damn   56,877,107

                cunt       69,223,089

                cock       80,511,580

                blow      82,475,138

                darn       87,773,859

While it’s a theoretical certainty that some longer phrase (e.g. ‘I got your Pi right HERE’) appears in the digits of Pi, as a practical matter it will be very difficult to find.  We find two-letter words all over the place, three letter words fairly commonly, but the first commonly-known four-letter word to show up in Pi according to my scheme is ‘RUTS’, at position 17,346.  I can’t find a five-letter word until almost 3 million positions in, the word ‘FLOWN’ at position 2,860,850.  Not surprisingly, the difficulty of finding any given N-letter word grows exponentially as N increases.

To illustrate this, below is a plot showing the results I got in trying to find about 170,000 English words in the first 5 million digits of Pi.  We see tons of 3-letter words, a fair portion of 4-letter words (though far less than 3-letter words), and just a couple of 5-letter words.  As you might have guessed, the longer the word, the harder it is to find.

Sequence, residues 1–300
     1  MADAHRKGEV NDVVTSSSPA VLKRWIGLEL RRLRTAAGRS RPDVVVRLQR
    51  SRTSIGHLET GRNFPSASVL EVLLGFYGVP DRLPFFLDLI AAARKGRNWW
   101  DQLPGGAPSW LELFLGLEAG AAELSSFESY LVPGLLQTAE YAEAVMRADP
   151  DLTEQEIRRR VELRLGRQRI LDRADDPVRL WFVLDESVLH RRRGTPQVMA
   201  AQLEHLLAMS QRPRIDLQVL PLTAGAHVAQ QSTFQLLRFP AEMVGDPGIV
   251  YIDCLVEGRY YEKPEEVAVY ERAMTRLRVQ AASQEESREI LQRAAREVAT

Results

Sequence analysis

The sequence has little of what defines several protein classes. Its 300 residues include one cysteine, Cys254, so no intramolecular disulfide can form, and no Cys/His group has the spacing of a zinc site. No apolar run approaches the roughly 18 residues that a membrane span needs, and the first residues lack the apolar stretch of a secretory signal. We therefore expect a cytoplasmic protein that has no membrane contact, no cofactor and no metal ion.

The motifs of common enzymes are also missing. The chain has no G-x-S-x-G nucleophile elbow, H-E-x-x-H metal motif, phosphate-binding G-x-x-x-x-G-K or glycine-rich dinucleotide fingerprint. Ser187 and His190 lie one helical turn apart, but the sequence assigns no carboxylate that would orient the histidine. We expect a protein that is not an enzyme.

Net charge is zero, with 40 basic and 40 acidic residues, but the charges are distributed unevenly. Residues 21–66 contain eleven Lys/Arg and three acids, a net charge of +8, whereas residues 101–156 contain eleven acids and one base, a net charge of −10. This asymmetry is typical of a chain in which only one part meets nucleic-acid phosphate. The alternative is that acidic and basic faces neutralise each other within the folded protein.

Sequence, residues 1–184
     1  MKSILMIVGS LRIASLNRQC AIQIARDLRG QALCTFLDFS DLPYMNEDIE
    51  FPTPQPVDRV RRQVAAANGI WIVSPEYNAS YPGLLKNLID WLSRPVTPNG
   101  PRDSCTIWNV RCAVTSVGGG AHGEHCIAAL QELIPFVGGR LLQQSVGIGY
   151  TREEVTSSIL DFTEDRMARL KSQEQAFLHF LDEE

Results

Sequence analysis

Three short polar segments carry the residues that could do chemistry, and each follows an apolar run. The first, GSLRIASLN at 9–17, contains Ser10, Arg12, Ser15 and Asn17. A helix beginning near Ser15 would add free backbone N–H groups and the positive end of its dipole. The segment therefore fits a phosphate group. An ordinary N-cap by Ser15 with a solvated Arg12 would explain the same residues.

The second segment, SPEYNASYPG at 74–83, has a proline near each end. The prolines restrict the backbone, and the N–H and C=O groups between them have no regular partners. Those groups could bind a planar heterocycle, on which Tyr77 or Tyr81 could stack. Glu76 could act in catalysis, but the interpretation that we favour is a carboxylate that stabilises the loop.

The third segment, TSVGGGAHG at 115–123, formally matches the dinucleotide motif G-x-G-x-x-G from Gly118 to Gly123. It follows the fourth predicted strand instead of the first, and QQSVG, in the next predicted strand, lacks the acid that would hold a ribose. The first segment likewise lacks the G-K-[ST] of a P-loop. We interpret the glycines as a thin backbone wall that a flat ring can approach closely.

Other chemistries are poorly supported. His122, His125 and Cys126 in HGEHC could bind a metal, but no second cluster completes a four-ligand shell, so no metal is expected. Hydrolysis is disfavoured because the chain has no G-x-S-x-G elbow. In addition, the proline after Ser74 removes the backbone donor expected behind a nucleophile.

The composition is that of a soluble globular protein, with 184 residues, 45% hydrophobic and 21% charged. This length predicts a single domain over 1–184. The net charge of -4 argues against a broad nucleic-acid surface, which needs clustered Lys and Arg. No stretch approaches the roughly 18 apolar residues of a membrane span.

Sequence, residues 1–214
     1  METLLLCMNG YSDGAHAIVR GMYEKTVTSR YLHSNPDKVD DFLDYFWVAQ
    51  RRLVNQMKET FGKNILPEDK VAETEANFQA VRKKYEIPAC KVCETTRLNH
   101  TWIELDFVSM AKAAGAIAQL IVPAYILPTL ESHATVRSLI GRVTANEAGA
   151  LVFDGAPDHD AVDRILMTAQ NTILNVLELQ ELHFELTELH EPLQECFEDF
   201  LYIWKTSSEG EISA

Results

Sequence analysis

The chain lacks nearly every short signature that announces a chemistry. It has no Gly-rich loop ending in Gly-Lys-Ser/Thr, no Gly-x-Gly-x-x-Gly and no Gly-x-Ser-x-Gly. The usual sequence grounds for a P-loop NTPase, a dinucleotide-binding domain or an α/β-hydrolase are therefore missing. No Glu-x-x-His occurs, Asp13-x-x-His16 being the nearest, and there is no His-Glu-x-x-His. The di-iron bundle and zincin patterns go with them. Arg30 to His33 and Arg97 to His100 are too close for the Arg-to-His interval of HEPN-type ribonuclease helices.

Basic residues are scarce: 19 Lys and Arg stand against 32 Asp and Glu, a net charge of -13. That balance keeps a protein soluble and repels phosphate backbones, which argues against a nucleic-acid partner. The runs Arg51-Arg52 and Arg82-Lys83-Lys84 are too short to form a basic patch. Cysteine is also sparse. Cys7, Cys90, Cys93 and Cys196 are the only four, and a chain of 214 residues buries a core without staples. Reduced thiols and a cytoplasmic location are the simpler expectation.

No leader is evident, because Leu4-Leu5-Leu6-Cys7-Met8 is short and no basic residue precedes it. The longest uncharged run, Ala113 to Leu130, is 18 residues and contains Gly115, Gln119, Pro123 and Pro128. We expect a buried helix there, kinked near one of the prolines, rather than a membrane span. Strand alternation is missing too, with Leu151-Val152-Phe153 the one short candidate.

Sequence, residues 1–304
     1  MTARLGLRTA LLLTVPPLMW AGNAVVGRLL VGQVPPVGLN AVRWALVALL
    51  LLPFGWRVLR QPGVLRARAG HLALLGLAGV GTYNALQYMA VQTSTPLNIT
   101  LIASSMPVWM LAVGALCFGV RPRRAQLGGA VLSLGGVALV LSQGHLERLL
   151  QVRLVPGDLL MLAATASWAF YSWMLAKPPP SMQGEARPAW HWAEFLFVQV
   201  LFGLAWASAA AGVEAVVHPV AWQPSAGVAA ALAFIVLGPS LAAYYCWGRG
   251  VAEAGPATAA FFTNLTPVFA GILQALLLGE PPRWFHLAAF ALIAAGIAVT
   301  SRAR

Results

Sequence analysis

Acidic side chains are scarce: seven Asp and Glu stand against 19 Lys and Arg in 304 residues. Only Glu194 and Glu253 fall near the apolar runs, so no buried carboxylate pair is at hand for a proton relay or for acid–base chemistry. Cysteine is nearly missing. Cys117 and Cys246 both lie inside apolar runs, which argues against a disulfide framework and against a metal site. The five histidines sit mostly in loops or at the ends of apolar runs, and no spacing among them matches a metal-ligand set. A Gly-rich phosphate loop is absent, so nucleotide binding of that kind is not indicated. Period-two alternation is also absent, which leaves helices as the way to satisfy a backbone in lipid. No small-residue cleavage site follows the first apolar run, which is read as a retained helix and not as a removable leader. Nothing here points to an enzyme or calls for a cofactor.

So if you’re looking for your favorite swear word in Pi, and it happens to be pretty long (like my friend @peterwoodward, who continues to pester me to find “FUCKFACE” in Pi), you better be prepared to hunt for a while.  As a rule of thumb, for my encoding scheme you’ll need to hunt through 10^(2N) digits of Pi to have a reasonable chance at finding a string of letters of length N.  For this essay, which is about 10,000 letters long, you’d have to hunt through 10^20,000 digits in Pi, which is a gogol raised to the 200th power.  Keep in mind that the number of atoms in the universe is much less than one gogol.  So there’s nowhere near enough material in the universe to form a piece of paper (or computer) large enough to store the digits of Pi you’d need to eventually stumble across this particular essay!